There is something I always like to say. We often think that as a collective group of people, as human beings, we are inherently good; we think there is a lot of good in people.  Except that, kneeling and quite literally snuffing the life out of your fellow human being in the full glare of others should jolt you out of that naive thinking into reality.  The worst part  is that it took us all bringing the fire on social media for them to even arrest the guy. Arrest. People of God, Breonna Taylor's murderers are still roaming free. My people have a saying that loosely translates to if you keep pushing and pushing a dog till it gets to a wall, at some point, it would turn back to face you.  Ladies and gentlemen, Black folks HAVE turned back.

"I learned a long time ago that when change happens, it's either because people see the light or they feel the fire. We are lifting up these stories in the hopes that you will see the light and if you don't, we will bring the fire." - Ayanna Pressley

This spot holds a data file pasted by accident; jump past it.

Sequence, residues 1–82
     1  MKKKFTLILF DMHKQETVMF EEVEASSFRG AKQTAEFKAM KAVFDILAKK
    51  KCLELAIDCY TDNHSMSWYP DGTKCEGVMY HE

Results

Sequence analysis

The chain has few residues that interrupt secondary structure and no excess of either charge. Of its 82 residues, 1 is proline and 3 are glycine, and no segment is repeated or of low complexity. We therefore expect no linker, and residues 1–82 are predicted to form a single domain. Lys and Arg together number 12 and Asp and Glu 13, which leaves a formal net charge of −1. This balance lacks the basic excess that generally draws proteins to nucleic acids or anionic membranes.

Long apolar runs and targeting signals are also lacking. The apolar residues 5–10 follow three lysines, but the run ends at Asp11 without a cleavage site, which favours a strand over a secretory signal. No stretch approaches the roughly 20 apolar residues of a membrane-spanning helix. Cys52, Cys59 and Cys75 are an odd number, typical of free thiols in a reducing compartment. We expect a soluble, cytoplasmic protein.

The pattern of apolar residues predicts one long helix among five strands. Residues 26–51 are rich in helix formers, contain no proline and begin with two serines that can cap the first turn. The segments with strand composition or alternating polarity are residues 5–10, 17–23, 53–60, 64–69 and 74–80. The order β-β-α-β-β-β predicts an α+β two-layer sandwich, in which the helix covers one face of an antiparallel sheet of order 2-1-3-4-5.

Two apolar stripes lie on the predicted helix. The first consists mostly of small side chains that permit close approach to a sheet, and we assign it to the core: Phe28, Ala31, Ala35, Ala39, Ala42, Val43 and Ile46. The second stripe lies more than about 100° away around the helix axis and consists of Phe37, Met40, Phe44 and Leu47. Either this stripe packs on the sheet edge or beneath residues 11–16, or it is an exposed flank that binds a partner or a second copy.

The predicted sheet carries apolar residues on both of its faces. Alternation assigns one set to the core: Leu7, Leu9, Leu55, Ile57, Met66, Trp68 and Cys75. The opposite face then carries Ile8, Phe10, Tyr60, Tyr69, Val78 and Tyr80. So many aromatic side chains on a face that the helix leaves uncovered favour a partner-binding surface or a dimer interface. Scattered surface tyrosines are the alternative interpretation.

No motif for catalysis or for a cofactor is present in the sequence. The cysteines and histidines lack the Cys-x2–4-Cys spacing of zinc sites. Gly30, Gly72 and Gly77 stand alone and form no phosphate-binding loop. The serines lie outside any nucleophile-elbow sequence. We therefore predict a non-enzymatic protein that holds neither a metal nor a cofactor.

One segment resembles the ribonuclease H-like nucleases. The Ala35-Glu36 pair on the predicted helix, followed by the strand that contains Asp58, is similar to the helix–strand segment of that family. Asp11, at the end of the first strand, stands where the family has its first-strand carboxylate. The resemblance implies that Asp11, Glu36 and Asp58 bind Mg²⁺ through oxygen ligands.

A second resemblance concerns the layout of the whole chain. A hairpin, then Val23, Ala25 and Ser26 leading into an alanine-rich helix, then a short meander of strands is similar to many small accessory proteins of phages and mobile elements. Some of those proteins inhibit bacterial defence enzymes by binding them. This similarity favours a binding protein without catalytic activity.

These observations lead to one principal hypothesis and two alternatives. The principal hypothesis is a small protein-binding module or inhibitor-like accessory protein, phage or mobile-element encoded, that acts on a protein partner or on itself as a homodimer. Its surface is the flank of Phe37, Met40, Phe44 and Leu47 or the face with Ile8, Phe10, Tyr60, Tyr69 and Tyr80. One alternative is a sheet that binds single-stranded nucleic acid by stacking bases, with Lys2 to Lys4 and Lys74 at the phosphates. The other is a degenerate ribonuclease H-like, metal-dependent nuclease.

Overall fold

For so long, Black people complained. We protested. We knelt down. We prayed. We sang. In more ways than one,  we were told it's all in our heads. But what the events of the last few weeks have shown so clearly is that there is a problem. The status quo has failed us in more ways than I can count. Something has to change. Let's take a look at the pandemic that has ravaged our midst since the beginning of this year. When COVID-19 struck, it was first purported to be the great equalizer. False. It has disproportionately ravaged Black people in the U.S. both in terms of our health and financial security. In fact, in a place like Kansas, Black folks were dying from COVID at seven times the rate of White residents. COVID-19 exposed the structural inequalities in our health system.